The Upper Tribunal has upheld the FCA’s decision to prohibit Arif Hussein, a former trader, on the basis that he failed to be candid and truthful during the enforcement process. In the decision, the Tribunal was critical of the FCA’s focus on the relatively junior trader, who was put under investigation in relation to a limited number of chats which took place over a short period when there was widespread manipulation of LIBOR within the bank.
In January 2016, the FCA issued a Decision Notice against Mr Hussein prohibiting him from performing any function in relation to any regulated activity, as the FCA considered he lacked integrity. It found that in the last two months of his employment as a derivatives trader in sterling denominated instruments, Mr Hussein engaged in internal chats with a Trader-Submitter knowing that it was improper to participate in conduct intended to influence the bank’s LIBOR submissions. The RDC found Mr Hussein was not dishonest but acted recklessly and lacked integrity. Mr Hussein challenged the FCA’s decision and the case was referred to the Upper Tribunal.
The Tribunal concluded that there was no basis on which it could ask the FCA to reconsider the prohibition order against Mr Hussein. The Tribunal did however offer different analysis to the FCA in reaching this conclusion. The Tribunal found that Mr Hussein had not acted dishonestly or without integrity. However, the prohibition order was justified because he failed to be candid and truthful with the FCA during the enforcement process.
The Tribunal considered two main issues. The first was whether Mr Hussein acted dishonestly and without integrity when he entered into the online chats with Trader-Submitters. This rested on what factors Mr Hussein believed fell into the scope of what could be properly taken into account in making a LIBOR submission and the way in which he believed his information would be used by the Trader-Submitters in determining the bank’s LIBOR submissions.
The Tribunal did not consider Mr Hussein to have acted dishonestly or recklessly with regard to the chats he had with Trader-Submitters. Amongst other things, the Tribunal found that the chats took place in the context of no formal procedures within the bank as regards the LIBOR submission process and that Mr Hussain’s knowledge of the process came through informal training and his own research. Mr Hussein believed that the extent to which it was proper for his information to be taken into account would be the subject of relevant compliance procedures which the Trader-Submitters were required to follow.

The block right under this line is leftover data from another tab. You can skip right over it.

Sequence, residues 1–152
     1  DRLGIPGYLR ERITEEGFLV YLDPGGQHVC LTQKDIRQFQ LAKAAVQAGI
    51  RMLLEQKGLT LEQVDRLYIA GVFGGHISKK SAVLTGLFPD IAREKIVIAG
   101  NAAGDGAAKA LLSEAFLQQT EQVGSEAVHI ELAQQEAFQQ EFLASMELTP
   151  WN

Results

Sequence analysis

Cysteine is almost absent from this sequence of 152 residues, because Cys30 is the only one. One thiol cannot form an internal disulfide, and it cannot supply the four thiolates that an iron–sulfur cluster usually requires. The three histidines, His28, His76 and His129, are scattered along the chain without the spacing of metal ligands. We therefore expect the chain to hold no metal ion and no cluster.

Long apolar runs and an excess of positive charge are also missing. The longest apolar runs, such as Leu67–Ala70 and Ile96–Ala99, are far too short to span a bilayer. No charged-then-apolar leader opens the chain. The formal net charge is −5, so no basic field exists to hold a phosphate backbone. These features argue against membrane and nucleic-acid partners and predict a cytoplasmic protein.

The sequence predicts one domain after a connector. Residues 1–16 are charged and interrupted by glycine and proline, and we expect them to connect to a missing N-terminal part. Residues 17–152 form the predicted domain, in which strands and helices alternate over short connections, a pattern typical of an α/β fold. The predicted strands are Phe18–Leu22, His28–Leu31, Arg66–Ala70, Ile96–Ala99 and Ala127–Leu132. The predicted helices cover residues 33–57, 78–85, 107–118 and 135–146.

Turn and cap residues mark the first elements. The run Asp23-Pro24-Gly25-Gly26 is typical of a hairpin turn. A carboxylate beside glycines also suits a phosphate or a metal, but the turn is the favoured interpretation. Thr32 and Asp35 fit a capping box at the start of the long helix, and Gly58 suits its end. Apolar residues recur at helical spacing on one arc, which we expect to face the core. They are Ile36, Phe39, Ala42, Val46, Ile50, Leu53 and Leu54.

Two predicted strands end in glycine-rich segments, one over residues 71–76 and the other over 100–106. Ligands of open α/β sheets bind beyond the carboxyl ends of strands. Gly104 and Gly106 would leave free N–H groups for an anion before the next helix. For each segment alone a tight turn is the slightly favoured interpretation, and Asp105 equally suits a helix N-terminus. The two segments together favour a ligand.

The second issue was whether Mr Hussein made false or misleading statements to the FCA before the making of his reference and whether he made such statements to the Tribunal in his evidence. The Tribunal found that the case Mr Hussein advanced before it was substantially different to that which he maintained before the RDC and was partially inconsistent with the answers he gave to the FCA during his interview before regulatory proceedings. The Tribunal did not accept Mr Hussein’s explanation for his change of position and found that Mr Hussein misled the FCA during interview. The Tribunal stated that the Applicant was “economical with the truth” rather than guilty of deliberately giving false answers: “his sin was one of omission.”
Notably, although agreeing with the prohibition, in the circumstances the Tribunal was critical of the FCA’s focus on a relatively junior trader. The Tribunal highlighted that Mr Hussein was put under investigation in relation to a limited number of chats which took place over a short period and was concerned by Counsel for the FCA’s observations that “as regards more senior people… not everybody is in the jurisdiction” and that “the senior people somehow manage to keep their fingerprints off the relevant documents sometimes”. The Tribunal expressed hope that this was not indicative of the FCA’s wider attitude to pursuing senior management either in this jurisdiction or elsewhere when it is necessary to do so.
This case provides a clear warning against misleading the FCA during the enforcement process. The Tribunal’s criticism of the FCA’s enforcement focus here is likely to be of great frustration to the FCA which is seeking to promote culture change and senior management accountability. The FCA has said that generally where there are grounds for investigating a matter, there will now be a need to investigate the role of senior management in the conduct issues that arise and the Tribunal’s comments in this case are only likely to make the FCA even more determined to hold relevant senior managers to account where regulatory breaches are identified.